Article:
US Technology to Capitalise on Efficiency, Climate Change
US-based General Electric signed two contracts with Norway’s Statoil and Algeria’s Sonatrach to export its technology, further indicating that American companies are capitalising on their engineering expertise to increase their clout in Europe.
“The national hydrocarbon group Sonatrach and the American company General Electric (GE) signed Thursday in Algiers a memorandum of understanding on the creation of a joint company for the manufacturing of equipment used in oil and gas industry” Algeria Press Service wrote on Thursday.
Sonatrach will control 51% of the joint stock company. GE will hold the remaining 49% stake.
Energy Minister Youcef Yousfi participated in the ceremony, underlining how the technologies could help the country. According to the Algerian politician, the deal could speed up developments.
GENERAL ELECTRIC AND STATOIL
On Wednesday, GE announced a similar cooperation with Statoil.
‘This joint technology-focused program is aimed at driving an industrial response to some of the biggest challenges facing global oil and gas production, including flaring, CO2 and methane emissions, and water usage, while also optimising business operations’ reads a note released by Statoil.
The importance of GE’s engineers demonstrates that US could leverage its technology to increase its clout in the global oil and gas industry. Especially in a moment European companies are cutting down budgets and CAPEX, technologically advanced firms might take advantage of the situation.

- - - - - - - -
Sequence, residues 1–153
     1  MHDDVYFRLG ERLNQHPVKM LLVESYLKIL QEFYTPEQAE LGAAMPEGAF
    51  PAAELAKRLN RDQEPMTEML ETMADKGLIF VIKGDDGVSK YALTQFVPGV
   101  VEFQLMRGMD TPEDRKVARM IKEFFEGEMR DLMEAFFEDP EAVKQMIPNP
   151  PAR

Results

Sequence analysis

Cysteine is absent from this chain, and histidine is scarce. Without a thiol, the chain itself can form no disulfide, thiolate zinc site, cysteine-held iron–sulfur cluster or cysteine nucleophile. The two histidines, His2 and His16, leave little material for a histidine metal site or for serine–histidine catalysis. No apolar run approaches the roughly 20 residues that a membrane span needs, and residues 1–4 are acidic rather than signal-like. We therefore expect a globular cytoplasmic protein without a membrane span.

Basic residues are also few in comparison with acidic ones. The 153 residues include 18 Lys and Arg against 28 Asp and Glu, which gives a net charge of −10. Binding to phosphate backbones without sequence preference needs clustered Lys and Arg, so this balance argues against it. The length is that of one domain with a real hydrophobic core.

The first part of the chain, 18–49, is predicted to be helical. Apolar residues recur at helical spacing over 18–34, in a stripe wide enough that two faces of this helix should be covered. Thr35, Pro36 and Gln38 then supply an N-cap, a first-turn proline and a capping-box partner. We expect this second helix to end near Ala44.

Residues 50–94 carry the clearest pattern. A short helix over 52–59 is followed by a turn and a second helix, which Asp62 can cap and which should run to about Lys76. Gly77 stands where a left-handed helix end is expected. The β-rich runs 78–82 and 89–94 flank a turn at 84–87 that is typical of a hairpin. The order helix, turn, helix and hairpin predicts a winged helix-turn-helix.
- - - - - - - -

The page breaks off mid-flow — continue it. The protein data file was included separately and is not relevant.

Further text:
“In order to respond to the growing energy demands of the world, continued investments in technology and innovation are critical to helping develop long-term, low-cost and more efficient energy solutions” Jeff Immelt, chairman and CEO of GE, commented.
The increased focus on climate change could come in handy too.
‘GE’s Energy Services provides cleaner, smarter and more efficient solutions to address the challenges of growing energy use, changing electricity demand, and climate change’ reads the company’s Growing in Europe leaflet.
The two contracts signed by GE this week adds to a previous agreement clinched on January 20, through which Schlumberger will acquire a minority equity interest in Eurasia Drilling Company Limited.
‘The agreement extends the successful long-term relationship enjoyed by the two companies within the strategic alliance signed in 2011, which has enabled deployment of a range of drilling and well engineering services to customers in the Russia land conventional drilling market’ reads a note released by the American company on January 20.
The increased American interest for Europe, Russia and North Africa became evident over the last months, also in light of gloomy upstream prospects in the United States.
According to Halliburton, its North American costumers are expected to cut spending by 25-30%. Financial Times recently wrote that global spending was revised downward by a less alarming 10-15%. Middle East, Africa and Asia should be the regions less affected by cuts.
Sergio Matalucci is an Associate Partner at Natural Gas Europe. Follow him on Twitter: @SergioMatalucci